The trucker drivers involved reported hearing loud noises at that point along the highway between the hours of 8:30 and 11:30 p.m., which they thought was something hitting their vehicle or a noise from the truck, but did not realize it was gunshots until they found the bullet holes later on.

The trucks were travelling between Wal-Mart Stores Inc.’s distribution center near Ochelata and other destinations when they were struck.

UPDATE: Two 14-year-old boys have been arrested in connection with the truck shootings, Oklahoma’s News On 6 has reported, who, according to the organization’s sources, admitted to doing “target practice.”

By Andy Stern
For ongoing coverage, refer to Tulsa World

Home Prices Up 12% In Canada, But Down When BC And Ontario Factored Out

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Home prices are up in Canada, hovering around the record 6-year high point, but this is almost entirely due to trends in two areas: Greater Vancouver primarily and Greater Toronto on a smaller but still significant level, according to market authorities.

The Canadian Real Estate Association reported that Canada-wide, the average home price was now $454,000, up 12 percent on a year-by-year basis.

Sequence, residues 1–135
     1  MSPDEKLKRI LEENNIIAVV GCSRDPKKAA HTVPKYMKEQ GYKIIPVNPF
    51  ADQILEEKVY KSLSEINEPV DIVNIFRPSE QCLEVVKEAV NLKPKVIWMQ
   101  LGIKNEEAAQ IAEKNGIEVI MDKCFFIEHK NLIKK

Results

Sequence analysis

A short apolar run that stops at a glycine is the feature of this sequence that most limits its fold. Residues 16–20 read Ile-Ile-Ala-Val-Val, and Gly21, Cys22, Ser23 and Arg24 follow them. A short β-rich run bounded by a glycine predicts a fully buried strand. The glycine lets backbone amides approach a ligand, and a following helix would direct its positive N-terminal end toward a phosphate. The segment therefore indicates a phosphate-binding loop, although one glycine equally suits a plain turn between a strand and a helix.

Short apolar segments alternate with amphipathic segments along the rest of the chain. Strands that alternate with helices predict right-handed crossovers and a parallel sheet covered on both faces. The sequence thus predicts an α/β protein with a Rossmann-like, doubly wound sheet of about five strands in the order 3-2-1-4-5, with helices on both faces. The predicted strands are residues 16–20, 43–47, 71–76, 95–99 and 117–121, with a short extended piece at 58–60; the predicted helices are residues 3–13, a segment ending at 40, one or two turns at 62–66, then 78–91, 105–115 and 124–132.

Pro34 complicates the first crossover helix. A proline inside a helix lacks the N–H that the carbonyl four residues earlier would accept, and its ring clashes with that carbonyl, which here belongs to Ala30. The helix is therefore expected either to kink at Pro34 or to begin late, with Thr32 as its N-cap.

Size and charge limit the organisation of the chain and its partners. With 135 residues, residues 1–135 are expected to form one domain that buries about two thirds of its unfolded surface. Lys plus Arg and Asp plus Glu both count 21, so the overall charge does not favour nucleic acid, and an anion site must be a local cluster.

But factoring out the GVA and GTA, the average is only $337,000, up 5.4 percent.

Further, according to CREA, even this rise is due largely to price trends in areas near Vancouver.

Elsewhere in Canada, home prices are flat or declining.

Canadian real estate

Factoring out the provinces of B.C. and Ontario, the average home currently costs $294,000, a decline of 2.2 percent year-over-year.

The VGA home costs $761,000 on average, up 35 percent from 5 years ago, and houses in nearby areas such as the Fraser Valley are also up to nearly $500,000, representing a rise of over 23 percent in the last 5 years. In both of these areas, all types of dwellings are up — two-story single family, one-story, townhouse and apartment.